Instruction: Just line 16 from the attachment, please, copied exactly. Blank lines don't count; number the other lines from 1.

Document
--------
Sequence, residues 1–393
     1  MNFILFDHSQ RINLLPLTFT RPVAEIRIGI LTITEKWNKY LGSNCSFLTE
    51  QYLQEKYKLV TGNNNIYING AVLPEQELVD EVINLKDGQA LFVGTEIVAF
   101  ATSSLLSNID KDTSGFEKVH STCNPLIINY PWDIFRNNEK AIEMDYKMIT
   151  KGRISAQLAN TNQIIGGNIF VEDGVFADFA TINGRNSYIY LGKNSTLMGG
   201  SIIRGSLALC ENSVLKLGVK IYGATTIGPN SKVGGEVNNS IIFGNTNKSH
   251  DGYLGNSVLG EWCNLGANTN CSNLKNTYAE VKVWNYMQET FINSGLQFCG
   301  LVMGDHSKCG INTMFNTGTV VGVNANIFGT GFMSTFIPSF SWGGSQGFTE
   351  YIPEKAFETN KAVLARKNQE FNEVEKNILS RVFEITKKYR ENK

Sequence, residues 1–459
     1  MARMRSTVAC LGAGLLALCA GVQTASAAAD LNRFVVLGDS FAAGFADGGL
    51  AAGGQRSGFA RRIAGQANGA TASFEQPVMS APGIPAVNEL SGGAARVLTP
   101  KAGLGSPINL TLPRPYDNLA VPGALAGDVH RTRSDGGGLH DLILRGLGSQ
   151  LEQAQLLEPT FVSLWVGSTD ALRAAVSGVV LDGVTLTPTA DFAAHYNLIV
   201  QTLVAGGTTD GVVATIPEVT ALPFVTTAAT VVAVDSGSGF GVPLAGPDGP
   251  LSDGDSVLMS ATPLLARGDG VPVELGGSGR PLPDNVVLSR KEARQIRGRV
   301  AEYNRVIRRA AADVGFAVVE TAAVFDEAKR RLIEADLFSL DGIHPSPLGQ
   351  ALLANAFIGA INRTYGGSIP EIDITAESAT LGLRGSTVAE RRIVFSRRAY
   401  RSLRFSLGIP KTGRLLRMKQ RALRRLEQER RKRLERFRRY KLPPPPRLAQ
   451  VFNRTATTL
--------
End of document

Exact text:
   251  LSDGDSVLMS ATPLLARGDG VPVELGGSGR PLPDNVVLSR KEARQIRGRV